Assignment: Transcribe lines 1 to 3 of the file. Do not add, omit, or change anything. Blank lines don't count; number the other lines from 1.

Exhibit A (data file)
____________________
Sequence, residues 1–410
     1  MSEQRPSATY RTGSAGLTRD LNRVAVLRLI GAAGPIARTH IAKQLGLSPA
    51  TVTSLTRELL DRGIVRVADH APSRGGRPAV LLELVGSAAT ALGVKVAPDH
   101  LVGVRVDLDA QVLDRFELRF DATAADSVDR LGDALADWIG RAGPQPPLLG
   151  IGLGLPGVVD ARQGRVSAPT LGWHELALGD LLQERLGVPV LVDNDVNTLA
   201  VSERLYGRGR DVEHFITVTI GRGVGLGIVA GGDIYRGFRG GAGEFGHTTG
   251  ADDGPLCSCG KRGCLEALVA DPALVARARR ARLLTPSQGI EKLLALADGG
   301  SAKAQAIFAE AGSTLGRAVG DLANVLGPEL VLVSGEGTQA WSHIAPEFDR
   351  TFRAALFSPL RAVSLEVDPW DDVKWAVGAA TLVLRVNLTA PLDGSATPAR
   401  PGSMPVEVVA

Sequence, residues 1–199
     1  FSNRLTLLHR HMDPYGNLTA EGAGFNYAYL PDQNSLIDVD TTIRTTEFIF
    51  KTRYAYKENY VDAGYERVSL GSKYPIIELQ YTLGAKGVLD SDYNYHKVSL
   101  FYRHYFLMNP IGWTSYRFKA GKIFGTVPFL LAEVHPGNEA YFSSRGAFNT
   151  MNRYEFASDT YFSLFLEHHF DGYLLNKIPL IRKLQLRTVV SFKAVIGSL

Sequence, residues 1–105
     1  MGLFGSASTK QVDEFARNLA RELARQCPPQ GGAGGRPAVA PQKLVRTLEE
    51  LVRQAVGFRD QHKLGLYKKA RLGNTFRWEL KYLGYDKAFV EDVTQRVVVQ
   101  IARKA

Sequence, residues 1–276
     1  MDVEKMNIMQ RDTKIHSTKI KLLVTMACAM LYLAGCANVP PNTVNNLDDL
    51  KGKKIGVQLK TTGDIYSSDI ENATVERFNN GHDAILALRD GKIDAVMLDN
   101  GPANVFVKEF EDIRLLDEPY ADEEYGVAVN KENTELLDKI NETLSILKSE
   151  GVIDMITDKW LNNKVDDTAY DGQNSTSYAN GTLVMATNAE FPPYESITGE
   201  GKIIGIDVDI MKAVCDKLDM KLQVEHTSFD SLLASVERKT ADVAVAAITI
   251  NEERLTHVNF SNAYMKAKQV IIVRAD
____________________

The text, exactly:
Sequence, residues 1–410
     1  MSEQRPSATY RTGSAGLTRD LNRVAVLRLI GAAGPIARTH IAKQLGLSPA
    51  TVTSLTRELL DRGIVRVADH APSRGGRPAV LLELVGSAAT ALGVKVAPDH